Years after a traumatic event during her childhood, Adelaide Wilson (Lupita Nyong’o) returns to Santa Cruz for a family vacation. During their holiday, she, her husband and their two children are terrorised by a group of doppelgängers.
Jordan Peele surprised the world with his directorial debut, 2017’s Get Out which dealt with the issue of racism deep seeded in America. With Us, he proves this was no fluke as he uses multiple themes and subtle messages to explore what it is to be human in this horrific tale.
Doppelgänger movies are nothing new, having been done in different ways with recent examples including Christopher Nolan’s Prestige and Richard Ayoade’s The Double, both of which had one person duplicated. This time Peele ramps it up a notch by including an entire family of doubles who terrorise their vacationing counterparts. Beginning with a young Adelaide (Madison Curry) in 1986 who wanders off from her parents at a carnival, she encounters a horror which she carries with her decades later. As the film jumps ahead in time to the present day, we’re shown a fairly typical family who laugh, fight and disagree as many would. An excellent scene in which they establish the four comes early as they sit around a dinner table discussing various aspects of their lives.
It’s the final sense of normality as the film becomes a house invasion following their son Jason’s (Evan Alex) creepy encounter on the beach. The copies show up on their driveway and just stand there for a while. It’s not until Gabe’s (Winston Duke) attempt to engage with them that they start to close in. “If you want to get crazy, we can get crazy”. Lest does he know just how crazy it’s about to get. After this, they are all subjected to their individual doppelgängers in various ways and whilst there are distinct similarities, there are also considerable differences to easily tell them apart. Gabe’s comes across as a much larger and taller force to reckon with, Zora’s (Shahadi Wright Joseph) has an abnormal and feral way about her, Jason’s, like the real one, wears a mask and Adelaide’s sadistic laugh will keep you on the edge of your seat.
As he builds up the tension and creates moments of intense fear, Peele uses his comedic talents to maneuver genuine moments that relieve the tension. As the family is initially held hostage Gabe offers them a used and beat up boat he recently bought at which point Zora chinrs in with “Dad, no one wants the boat!” It’s a perfect depiction of the family dynamic even in such a difficult situation. Another scene in which they argue who is going to drive will make you laugh as much as it’ll make you want to scream at them to just get out of there. These comedic moments consistently hit the spot especially when it comes to dad-bod / dad joke extraordinaire Gabe who is the epitome of the embarrassing father. Moments which are levied with horror but a brief segment of comic relief never feel like a jarring tonal shift as they can in some films, it’s Peele’s sense of comic timing and understand each scene he’s trying to craft.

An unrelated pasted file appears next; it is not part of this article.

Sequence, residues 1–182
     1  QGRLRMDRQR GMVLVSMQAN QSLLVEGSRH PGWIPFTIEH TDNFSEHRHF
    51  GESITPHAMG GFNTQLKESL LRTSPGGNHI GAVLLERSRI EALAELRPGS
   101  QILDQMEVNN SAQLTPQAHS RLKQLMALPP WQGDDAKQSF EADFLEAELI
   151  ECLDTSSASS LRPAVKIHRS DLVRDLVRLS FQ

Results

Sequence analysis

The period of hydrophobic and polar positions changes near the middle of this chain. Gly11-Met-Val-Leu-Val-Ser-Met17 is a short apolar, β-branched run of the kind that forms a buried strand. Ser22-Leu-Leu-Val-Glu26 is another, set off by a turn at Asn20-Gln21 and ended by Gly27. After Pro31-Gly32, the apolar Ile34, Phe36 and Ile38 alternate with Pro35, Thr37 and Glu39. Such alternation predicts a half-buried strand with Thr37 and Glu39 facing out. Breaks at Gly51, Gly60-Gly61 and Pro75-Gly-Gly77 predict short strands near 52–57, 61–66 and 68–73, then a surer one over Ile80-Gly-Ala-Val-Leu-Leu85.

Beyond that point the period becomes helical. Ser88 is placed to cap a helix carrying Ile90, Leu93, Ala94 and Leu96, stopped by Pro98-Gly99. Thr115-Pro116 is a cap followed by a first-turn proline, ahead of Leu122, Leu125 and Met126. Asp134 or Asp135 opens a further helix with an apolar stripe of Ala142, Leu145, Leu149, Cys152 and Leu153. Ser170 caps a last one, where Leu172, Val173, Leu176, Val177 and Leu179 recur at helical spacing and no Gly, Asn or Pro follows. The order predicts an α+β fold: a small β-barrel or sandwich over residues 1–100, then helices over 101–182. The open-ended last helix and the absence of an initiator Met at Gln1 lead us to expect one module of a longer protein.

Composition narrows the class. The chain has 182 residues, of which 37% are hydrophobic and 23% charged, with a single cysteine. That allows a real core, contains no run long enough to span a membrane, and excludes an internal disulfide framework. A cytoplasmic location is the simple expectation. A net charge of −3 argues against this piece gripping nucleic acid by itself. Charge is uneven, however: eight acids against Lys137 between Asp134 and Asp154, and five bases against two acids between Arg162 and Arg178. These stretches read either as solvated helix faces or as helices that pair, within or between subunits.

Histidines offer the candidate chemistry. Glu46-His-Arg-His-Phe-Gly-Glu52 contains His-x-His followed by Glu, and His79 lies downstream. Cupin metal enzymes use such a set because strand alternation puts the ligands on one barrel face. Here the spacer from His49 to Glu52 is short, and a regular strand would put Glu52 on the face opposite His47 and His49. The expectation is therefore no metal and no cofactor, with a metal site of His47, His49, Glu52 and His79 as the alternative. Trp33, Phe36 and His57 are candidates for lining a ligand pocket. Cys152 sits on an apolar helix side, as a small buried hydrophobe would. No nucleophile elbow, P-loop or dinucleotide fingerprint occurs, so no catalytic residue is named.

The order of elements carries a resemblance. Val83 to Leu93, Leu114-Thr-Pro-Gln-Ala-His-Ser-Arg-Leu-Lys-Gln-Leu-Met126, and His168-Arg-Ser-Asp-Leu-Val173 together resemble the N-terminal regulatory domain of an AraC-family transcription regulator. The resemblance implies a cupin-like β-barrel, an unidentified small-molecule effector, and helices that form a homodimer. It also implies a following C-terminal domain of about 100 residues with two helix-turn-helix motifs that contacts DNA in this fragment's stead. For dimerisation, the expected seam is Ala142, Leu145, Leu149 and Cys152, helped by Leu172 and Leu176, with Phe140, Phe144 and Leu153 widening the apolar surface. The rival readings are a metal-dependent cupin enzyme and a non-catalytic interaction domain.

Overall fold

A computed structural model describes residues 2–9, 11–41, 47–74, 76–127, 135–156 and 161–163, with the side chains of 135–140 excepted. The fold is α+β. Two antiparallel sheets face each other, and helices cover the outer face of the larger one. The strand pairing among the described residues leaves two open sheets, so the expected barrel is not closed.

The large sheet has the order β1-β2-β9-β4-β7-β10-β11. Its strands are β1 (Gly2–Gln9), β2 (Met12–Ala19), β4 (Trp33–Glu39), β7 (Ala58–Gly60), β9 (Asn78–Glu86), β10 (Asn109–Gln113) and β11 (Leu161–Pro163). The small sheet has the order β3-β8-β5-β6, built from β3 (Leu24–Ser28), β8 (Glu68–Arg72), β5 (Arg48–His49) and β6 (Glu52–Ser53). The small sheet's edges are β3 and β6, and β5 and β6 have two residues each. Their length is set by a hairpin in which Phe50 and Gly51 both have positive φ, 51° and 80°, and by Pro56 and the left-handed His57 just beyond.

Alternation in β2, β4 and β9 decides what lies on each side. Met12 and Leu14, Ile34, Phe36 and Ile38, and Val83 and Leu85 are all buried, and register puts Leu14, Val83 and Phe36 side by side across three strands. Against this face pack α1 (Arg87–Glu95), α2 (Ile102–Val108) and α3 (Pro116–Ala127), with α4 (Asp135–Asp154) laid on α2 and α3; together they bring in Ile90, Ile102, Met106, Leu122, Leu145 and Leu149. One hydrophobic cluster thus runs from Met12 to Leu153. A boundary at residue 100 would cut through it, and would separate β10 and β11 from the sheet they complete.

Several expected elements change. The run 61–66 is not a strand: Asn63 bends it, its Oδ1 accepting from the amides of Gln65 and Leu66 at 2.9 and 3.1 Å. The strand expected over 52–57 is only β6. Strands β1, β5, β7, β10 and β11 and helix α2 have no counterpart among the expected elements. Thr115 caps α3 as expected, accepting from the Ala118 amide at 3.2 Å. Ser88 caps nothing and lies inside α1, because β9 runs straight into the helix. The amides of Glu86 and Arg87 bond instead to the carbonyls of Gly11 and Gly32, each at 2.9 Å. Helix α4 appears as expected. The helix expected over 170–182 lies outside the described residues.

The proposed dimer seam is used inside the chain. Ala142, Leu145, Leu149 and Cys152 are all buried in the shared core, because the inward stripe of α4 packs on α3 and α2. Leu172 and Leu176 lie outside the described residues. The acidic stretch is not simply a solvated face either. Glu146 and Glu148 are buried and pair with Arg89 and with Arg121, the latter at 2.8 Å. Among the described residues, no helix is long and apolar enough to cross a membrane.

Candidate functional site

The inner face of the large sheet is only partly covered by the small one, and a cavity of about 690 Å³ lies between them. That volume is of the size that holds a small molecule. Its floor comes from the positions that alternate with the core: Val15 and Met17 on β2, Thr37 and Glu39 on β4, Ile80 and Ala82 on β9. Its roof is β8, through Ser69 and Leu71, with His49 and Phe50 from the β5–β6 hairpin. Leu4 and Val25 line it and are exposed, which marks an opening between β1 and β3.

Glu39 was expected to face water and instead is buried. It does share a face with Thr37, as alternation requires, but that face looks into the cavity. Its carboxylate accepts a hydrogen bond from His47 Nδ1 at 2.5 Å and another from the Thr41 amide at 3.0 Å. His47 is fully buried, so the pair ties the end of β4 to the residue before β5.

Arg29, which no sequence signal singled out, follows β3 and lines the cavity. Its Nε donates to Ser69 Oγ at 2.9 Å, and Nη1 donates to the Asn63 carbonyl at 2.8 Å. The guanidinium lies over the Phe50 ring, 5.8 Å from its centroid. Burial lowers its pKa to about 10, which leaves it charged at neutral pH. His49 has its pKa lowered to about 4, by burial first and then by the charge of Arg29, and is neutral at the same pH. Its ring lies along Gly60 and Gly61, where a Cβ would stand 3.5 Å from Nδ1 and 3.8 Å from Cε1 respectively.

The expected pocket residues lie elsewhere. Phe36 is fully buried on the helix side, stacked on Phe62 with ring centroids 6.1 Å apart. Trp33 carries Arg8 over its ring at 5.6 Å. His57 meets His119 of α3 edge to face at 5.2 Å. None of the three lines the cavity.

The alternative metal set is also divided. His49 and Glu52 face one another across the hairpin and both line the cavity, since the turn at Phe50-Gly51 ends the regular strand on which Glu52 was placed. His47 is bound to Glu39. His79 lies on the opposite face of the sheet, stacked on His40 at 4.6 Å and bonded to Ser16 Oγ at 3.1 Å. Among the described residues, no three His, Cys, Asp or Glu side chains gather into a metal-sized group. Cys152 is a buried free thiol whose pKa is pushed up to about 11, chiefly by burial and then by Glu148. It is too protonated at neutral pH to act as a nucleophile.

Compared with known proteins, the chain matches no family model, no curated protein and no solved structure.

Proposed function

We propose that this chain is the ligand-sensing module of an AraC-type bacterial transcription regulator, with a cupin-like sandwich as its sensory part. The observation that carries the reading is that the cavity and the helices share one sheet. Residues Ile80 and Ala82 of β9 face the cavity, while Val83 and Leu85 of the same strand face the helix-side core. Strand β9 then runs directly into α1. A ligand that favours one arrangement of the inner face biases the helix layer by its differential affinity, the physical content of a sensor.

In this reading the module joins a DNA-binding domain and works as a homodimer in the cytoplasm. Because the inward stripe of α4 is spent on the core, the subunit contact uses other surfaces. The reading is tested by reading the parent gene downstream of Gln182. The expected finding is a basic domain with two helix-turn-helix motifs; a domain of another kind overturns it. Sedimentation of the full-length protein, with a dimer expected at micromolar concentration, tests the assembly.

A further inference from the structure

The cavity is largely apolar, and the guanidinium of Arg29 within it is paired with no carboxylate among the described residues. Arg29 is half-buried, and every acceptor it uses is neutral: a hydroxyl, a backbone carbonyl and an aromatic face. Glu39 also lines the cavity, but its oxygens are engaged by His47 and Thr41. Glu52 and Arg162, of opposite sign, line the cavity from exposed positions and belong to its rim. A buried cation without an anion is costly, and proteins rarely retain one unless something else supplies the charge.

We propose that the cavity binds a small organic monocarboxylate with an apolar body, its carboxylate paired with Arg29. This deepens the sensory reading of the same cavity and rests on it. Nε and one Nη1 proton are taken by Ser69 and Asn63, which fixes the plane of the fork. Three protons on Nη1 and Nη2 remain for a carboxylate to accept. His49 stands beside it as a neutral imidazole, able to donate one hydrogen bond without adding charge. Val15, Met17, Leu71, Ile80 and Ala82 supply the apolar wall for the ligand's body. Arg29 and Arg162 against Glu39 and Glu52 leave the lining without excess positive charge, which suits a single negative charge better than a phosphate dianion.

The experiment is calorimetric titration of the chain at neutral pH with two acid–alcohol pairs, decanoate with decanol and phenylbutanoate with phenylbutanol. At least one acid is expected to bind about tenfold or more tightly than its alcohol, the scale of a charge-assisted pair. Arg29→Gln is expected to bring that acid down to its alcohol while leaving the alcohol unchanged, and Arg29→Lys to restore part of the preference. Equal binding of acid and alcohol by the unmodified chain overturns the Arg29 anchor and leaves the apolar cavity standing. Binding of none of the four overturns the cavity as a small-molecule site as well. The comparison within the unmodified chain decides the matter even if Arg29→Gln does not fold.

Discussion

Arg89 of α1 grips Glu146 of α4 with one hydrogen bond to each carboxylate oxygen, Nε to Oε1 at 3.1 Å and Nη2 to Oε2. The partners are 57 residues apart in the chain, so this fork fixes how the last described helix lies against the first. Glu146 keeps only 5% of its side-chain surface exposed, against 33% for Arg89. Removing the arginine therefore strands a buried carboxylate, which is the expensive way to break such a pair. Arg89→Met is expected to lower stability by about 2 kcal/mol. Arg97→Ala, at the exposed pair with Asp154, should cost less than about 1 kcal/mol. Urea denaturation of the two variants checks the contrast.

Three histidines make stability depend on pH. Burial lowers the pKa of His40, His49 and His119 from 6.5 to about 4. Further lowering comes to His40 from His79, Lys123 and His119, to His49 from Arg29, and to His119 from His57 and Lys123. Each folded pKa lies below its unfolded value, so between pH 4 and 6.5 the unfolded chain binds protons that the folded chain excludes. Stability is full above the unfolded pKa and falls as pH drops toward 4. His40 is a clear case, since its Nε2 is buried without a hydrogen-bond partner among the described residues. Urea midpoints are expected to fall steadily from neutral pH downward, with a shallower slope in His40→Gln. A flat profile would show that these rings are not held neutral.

Peele never wastes a needle drop, using some superb tracks to keep that feeling of dread or in one scene in which the juxtaposing visuals and music sync up perfectly. It’s a testament to what he can do with sound as he uses the silence just as well as using music. With excellent supporting performances from Elizabeth Moss and Tim Heidecker as the constantly arguing married couple, it’s Nyong’o who shines as she delved deep to create two completely different characters who have a considerable amount in common. As a mother and wife and she’s caring, fierce and determined. As a copy she’s brutal, terrifying and shocking. Creating such disparate depictions with both of their mannerisms, facial expressions and a laugh which will chill you to the bone makes this film worth watching.
An astounding second film from Jordan Peele whose writing and direction show what a smart horror film can look. His subtle and not so subtle comments on the over arching narrative will keep this film in your heard for weeks to come.
5 out of 5.
Keep. It. Reel.